It is also important to look at diversity throughout all six films. Using Perry’s twisted views on color, race, and implicit meanings in storytelling, we can use multiple instances that prove her views to be false.

Throughout the original three films, every person who works for the empire is white. For one, the stormtroopers, soldiers of the evil fascist empire, have white suits and masks. Darth Sidious, the true mastermind behind the rise of the empire, who Vader also answers to, is white.

Darth Sidious was once Chancellor Palpatine, a corrupt politician in the galactic senate, and he was white then, too. Although there is a minor skin tone change once he becomes Sidious, he is still caucasian, and arguably more evil than Vader. Yes, Vader does cut off a hand, but so does the evil Count Dooku in Attack of the Clones, and he is white.

The character Lando Calrissian, who originally betrays Han Solo and Princess Leia as part of a deal with Vader, develops a guilty conscience and assists in saving Han Solo from his imprisonment from carbon freeze in Jabba the Huts lair is black. He also aids in destroying the second Death Star. Lando stands out as one of the great heroes of the original films.

“The facts do not support her views. Dark and light representing good versus evil are established storytelling motifs that have been around for centuries.”

In the prequel films, arguably the coolest and most powerful Jedi is Mace Windu, played by none other than Samuel L. Jackson. Mace Windu fights valiantly in the Clone Wars, kills the evil bounty hunter Jengo Fett, and is the first Jedi to confront Palpatine about his corrupt intentions.

It is also worth mentioning that he is one of the few Jedi who is suspicious of Anakin Skywalker and his future allegiance to the Republic. In my opinion, this makes him one of the most intelligent Jedi. Windu’s demise is at the hands of (the white) Palpatine and (the also white) Anakin Skywalker, as he fights for justice and the Republic.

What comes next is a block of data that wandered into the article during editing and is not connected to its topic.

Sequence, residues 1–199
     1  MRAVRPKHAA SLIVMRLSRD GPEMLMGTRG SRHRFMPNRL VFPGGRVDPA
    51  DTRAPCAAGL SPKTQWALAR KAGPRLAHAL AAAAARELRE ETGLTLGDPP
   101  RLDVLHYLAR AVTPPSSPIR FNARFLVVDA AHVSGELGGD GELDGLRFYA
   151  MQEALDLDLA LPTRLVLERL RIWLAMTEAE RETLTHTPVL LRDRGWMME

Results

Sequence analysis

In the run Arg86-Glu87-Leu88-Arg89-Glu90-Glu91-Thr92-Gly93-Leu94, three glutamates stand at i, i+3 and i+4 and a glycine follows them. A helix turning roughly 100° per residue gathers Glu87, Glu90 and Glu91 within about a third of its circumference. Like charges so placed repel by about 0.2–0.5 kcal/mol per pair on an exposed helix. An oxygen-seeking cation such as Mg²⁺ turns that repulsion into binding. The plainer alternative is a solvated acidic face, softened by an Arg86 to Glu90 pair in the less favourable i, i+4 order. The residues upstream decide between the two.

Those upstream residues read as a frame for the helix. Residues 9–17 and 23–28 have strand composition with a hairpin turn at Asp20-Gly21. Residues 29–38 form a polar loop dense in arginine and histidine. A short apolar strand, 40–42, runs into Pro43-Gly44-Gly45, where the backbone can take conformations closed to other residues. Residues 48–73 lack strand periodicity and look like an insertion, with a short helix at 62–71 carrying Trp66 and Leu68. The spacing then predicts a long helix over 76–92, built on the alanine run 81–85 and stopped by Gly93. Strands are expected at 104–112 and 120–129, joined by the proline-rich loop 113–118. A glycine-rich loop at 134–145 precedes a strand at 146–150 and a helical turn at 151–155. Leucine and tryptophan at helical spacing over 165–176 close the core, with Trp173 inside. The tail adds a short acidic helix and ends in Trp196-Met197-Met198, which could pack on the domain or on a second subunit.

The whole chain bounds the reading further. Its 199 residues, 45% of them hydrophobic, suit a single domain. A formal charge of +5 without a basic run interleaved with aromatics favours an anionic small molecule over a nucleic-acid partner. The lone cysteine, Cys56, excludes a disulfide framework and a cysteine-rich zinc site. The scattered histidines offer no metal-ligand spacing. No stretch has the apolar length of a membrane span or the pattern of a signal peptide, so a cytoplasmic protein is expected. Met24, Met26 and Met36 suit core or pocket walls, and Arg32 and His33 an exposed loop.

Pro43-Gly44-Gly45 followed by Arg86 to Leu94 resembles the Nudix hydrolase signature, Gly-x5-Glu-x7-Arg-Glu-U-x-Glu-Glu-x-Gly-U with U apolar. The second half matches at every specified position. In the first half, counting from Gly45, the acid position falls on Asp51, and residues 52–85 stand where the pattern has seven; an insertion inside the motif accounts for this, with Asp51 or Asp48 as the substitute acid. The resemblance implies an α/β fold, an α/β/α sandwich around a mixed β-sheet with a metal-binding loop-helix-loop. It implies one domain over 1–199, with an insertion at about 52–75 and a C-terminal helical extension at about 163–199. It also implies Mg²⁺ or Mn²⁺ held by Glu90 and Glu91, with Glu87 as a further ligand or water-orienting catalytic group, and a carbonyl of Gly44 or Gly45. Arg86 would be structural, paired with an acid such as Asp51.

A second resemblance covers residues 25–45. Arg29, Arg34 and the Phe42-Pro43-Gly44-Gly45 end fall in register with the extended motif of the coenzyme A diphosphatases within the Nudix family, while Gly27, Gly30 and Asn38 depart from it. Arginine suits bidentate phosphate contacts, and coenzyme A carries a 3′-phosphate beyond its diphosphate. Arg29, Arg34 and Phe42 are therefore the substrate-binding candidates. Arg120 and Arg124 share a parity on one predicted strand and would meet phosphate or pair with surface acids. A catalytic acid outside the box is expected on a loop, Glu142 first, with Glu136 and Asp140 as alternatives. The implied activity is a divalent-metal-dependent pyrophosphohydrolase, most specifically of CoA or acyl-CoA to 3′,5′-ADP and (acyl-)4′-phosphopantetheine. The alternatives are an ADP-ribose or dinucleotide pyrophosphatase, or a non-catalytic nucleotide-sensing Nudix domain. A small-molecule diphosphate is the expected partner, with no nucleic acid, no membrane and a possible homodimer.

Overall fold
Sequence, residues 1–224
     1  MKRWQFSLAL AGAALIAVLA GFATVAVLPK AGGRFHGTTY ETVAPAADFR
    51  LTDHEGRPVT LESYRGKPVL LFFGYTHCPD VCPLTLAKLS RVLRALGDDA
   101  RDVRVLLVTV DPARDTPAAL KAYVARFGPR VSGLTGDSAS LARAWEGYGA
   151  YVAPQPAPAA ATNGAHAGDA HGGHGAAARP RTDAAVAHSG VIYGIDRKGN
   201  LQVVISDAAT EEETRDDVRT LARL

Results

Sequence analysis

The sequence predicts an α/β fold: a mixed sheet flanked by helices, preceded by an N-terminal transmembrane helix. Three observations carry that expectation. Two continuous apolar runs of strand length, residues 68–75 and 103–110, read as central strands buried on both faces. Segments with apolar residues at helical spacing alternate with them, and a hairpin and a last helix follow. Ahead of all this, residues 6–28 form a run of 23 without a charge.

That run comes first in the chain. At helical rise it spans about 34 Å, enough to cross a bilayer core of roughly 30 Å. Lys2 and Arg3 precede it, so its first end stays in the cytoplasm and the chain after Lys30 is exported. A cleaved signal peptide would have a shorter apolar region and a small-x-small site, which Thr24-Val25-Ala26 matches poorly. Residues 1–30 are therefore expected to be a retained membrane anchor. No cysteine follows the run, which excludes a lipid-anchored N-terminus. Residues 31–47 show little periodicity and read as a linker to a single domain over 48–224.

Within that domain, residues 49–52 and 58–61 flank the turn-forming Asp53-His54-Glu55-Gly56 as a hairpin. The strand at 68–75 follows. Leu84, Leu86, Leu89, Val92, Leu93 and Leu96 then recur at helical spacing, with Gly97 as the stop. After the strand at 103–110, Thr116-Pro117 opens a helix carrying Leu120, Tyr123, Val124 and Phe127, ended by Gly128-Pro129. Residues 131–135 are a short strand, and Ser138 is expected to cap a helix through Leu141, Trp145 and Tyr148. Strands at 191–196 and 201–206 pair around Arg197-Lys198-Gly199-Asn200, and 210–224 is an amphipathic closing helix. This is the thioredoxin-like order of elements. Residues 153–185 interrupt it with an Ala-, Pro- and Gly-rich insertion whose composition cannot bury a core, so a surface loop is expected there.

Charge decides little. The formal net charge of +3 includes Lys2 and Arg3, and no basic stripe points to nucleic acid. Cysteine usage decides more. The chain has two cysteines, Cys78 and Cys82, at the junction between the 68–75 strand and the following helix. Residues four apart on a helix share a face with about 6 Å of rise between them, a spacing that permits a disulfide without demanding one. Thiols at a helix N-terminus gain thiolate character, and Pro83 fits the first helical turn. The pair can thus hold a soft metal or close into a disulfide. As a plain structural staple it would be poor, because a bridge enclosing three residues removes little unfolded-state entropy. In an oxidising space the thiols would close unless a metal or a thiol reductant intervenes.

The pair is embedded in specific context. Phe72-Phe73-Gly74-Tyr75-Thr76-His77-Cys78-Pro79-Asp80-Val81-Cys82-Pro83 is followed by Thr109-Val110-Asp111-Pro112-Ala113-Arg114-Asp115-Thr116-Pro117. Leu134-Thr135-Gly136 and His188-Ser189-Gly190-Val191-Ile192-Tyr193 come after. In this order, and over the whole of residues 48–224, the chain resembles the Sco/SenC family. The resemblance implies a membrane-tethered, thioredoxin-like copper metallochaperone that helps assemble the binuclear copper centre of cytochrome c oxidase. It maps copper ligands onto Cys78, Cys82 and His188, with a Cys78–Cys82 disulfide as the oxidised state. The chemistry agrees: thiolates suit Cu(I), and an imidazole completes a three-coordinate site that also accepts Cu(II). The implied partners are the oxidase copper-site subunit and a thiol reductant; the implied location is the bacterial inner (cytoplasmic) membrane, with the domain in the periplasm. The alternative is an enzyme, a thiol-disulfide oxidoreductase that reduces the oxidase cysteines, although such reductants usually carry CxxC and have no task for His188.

Last but not least, Anakin Skywalker turns to the dark side before he becomes Darth Vader. With this, he is not wearing a black suit or mask. Even with the Vader suit, since we know beneath it is the father of Luke and Leia, we know that he is white.

The Star Wars films, which George Lucas has admitted were originally made for children, is about as pure as you can get (even for those of us who believe Gredo did not shoot first).

To state that there are malicious racial intentions with this story, which is about morality and good versus evil, continues this ridiculous trend in this country to be offended by as much as possible. It is unfortunate that our culture is so politically correct and hyper-sensitive that people seem to be insulted by everything.

One can respond: “It’s her opinion. It’s how she sees it and she can be offended”. I disagree.